To the editor,
The flash of white light stretched across the winter night sky. Eleven hardy onlookers gasped, as the brilliant band of light grew larger and larger. In what seemed a forever moment in time, the meteor, or part of an old satellite, disappeared into the western horizon.
This wow moment happened at Naugatuck’s Gunntown Passive Park and Nature Preserve on March 5, 2012. Taking advantage of the relatively low light clutter there, an excited group of star gazing aficionados strolled without flashlights under the glow of a waxing gibbous moon. It was a spectacular night combined with one of those once in a lifetime happenings. It may never have happened if it was not for a courageous teenage woman.
The evening of Sept.26, 1995 resulted in a very important day in Naugatuck’s recent history. That evening a young girl scout walked into the community room at Stop & Shop followed by her den mothers, Maria Folsom as well as Casey Knittel and other members of scout Troop 4043. The young woman and those scouts became the core of the Committee For A Cultural/Environmental Center — Gunntown Road. That young woman was Vaneza Gouveia. She, more than anyone else, was responsible for saving the land that became the Gunntown Passive Park and Nature Preserve.
Vaneza Gouveia, and the passive open space movement she helped inaugurate, came to realize that Naugatuck’s town-owned land on the border of Middlebury and close to Oxford’s, was a special place. Vaneza, as chairwoman of the Committee For A Cultural/Environmental Center — Gunntown Road for many years, emphasized two very important points in Naugatuck’s history. One emanated from our deep natural history and one from our colonial past.
Some 15,000 years ago and in the ensuing millennia, the last great glacial retreat sculpted the land. Our mountains were ground down and our river valleys formed. It particularly left its mark on the Gunntown land with Long Meadow Brook cruising through lowlands that were probably once a good sized pond or lake. Sand there embedded below the soil tells part of the natural history storybook. The hardwood swamp, shrub swamp, marsh area and wet meadows complete the reading of the land.
The second point also occurred in March but some 227 years ago and with a more typical New England winter.
The snowy, frigid night of March 15, 1780 was a fateful day in Connecticut history. Having looted a home in Bethany, a band of Tory thugs made their way to Gunntown. Along the way they kidnapped a young boy. Why? Because he recognized some of the Tories from the Gunntown neighborhood and the fact that his family, the Judds, supported the revolution. What commenced then was a wild chase by rebel trackers through the Naugatuck Valley, the eventual capture of the Tory marauders and freedom for young Chauncey Judd.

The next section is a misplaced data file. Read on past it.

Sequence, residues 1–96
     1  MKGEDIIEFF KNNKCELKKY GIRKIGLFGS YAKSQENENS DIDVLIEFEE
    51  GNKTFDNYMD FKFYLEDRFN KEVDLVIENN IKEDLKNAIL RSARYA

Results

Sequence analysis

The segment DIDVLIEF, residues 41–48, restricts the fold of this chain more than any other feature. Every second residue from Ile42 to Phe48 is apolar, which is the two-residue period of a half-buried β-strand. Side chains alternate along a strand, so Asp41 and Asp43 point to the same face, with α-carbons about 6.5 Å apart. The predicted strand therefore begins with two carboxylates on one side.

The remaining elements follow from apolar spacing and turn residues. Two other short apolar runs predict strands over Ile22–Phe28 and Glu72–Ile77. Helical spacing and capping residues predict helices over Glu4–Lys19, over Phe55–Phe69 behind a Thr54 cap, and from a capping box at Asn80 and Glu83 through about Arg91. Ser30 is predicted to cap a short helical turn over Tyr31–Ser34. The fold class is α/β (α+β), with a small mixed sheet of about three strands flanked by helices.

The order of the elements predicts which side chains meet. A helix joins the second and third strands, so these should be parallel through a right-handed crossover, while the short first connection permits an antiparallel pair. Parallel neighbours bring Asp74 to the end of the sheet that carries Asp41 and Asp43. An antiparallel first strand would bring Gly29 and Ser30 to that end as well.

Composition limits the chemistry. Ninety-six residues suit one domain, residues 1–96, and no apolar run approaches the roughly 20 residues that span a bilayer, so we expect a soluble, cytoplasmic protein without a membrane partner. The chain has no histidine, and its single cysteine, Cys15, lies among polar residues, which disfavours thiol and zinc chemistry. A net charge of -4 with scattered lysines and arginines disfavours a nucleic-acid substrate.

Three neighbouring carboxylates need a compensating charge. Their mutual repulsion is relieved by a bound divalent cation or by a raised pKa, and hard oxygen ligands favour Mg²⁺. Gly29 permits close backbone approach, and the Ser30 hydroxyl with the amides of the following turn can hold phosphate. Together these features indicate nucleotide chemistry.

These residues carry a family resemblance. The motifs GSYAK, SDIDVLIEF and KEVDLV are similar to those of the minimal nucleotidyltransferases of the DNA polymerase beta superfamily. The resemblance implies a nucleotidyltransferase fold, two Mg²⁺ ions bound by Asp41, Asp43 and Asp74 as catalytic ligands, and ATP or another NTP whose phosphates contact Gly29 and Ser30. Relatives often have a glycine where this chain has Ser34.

It was Edward Coelho who proposed that the work of our fledgling committee combine both the environment and culture. Vaneza fully embraced this concept. When a grant was won to do The Stolen Boy play on the Gunntown land, Vaneza, then a student at Saint Joseph’s College in West Hartford, said she wanted to be a part of the action. True to her word as always, she became costume director. Vaneza also was one of the actors to play the role of Mrs. Wooster who, very fittingly, helped save the life of young Chauncey.
Vaneza did it all very aware that the history and culture of the colonial period was not only another good reason to preserve this land but also integral to saving it.
The town recently started a Gunntown Stewards program, through the Recreation Department, to help observe the condition of the passive park and give guidance to visitors. Boy scouts are presently updating the original work of Vaneza’s and the girl scouts on the trails there. It is all an extension of Vaneza’s consist message that we need to speak for nature and wildlife, as they cannot speak for themselves.
Fittingly, the Naugatuck Cultural Council has declared Vaneza Gouveia (Clarke) Earth Day Mayor of the Day. On Friday, April 20, festivities will start at Town Hall and continue at the Gunntown Passive Park and Nature Preserve at 11:30 a.m. The latter segment will feature a “Telling Our Stories” program where people will tell of their ancestry, recent history, and cultural upbringing. Bring your stories as we honor the work and effort of Vaneza Gouveia that made all this possible.
Community Outreach Director
Committee For A Cultural/Environmental Center – Gunntown Road